Well, “par for the course” in the Age of Market Dysfunction. This trade has blown up in everyone’s face. Markets these days are much more a reflection of speculative dynamics than underlying fundamentals.

October 5 – Associated Press (Andrew Taylor): “New, eye-popping federal budget figures… show an enormous $3.1 trillion deficit in the just-completed fiscal year, a record swelled by coronavirus relief spending that pushed the tally of red ink to three times that of last year. The Congressional Budget Office released the unofficial 2020 figures…, saying the deficit equaled 15% of the U.S. economy, a huge gap that was the largest since the government undertook massive borrowing to finance the final year of World War II. The government spent $6.6 trillion last year and borrowed 48 cents of every dollar it spent, CBO said. The numbers amount to a 47% increase in spending, led by $578 billion for the Paycheck Protection Program for smaller businesses, and a $443 billion increase in unemployment benefits over the past six months alone.”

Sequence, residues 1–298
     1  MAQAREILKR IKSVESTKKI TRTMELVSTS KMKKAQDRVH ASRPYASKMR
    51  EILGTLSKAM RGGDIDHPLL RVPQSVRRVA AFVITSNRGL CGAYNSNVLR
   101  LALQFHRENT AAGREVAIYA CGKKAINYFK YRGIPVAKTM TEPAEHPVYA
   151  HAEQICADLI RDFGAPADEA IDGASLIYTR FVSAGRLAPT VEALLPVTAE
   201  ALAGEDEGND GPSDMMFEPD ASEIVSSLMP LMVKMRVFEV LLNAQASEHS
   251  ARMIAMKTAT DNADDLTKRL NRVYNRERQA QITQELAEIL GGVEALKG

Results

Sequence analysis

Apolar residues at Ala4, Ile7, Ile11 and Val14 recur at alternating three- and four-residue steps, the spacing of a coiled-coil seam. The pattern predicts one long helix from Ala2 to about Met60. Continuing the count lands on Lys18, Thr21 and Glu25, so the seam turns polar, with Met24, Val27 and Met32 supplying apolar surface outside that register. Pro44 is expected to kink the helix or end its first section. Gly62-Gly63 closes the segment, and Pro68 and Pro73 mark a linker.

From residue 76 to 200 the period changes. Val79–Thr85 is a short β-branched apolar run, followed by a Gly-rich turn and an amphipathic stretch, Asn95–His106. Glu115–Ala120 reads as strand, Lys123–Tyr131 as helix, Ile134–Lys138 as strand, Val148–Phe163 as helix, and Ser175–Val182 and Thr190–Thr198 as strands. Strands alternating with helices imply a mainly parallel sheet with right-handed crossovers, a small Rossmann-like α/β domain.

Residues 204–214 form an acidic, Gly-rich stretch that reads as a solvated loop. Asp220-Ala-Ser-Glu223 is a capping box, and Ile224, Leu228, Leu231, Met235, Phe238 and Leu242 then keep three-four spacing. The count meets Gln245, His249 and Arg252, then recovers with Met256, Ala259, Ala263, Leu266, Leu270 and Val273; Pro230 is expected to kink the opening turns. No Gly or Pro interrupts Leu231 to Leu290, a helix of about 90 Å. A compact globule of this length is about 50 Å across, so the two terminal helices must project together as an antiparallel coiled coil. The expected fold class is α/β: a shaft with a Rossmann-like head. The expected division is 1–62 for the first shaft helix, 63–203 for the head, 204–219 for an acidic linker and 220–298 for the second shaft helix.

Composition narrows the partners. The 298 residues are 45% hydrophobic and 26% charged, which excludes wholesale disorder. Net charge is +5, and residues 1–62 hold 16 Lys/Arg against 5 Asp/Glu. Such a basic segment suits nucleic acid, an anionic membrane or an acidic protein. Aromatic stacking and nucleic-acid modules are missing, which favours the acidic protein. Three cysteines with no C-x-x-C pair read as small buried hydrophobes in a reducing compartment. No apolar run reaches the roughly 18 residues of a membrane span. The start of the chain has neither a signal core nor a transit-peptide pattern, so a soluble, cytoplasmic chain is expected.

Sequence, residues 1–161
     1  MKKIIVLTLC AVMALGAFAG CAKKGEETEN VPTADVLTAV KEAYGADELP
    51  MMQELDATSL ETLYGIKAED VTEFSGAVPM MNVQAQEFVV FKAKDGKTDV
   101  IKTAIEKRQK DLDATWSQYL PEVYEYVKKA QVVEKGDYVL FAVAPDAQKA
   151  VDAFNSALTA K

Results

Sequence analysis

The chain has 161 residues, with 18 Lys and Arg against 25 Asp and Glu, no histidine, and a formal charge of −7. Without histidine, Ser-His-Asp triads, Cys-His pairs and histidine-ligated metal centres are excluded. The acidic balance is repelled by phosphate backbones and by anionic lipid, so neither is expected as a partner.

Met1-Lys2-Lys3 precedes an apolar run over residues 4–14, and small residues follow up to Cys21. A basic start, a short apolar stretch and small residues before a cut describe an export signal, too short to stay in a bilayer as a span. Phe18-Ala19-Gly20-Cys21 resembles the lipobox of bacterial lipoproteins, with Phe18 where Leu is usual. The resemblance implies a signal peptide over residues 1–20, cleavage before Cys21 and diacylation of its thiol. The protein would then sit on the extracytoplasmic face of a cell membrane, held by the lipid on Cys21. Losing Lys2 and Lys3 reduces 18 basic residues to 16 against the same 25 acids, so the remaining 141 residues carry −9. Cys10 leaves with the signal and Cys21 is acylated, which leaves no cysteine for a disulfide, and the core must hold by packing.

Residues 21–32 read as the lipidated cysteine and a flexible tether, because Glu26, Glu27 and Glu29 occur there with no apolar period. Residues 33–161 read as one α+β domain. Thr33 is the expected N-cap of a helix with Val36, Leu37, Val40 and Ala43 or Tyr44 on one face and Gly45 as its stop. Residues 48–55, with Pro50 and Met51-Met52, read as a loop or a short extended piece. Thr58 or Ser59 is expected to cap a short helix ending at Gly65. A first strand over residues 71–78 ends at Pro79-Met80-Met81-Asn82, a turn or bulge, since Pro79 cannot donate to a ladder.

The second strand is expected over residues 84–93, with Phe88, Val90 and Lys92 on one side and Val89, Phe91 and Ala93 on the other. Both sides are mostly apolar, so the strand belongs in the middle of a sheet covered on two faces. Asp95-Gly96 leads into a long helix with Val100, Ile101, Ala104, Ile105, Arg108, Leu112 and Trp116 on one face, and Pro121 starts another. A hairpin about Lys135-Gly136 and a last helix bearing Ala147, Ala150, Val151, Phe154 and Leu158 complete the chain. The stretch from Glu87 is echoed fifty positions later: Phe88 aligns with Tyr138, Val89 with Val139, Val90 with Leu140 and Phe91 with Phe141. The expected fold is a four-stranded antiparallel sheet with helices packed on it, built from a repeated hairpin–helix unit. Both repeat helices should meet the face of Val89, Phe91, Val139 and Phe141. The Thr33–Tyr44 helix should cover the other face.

Will the bond market remain okay with the “blue wave” scenario? Is a repeat of this year’s stunning $3.1 TN (15% of GDP!) fiscal deficit possible? My baseline would be annual deficits approaching 10% of GDP for the next few years – although a fiscal 2021 deficit again exceeding $3 TN is a distinct possibility in the event of multiple stimulus bills from a new administration working together with a Democratically controlled House and Senate.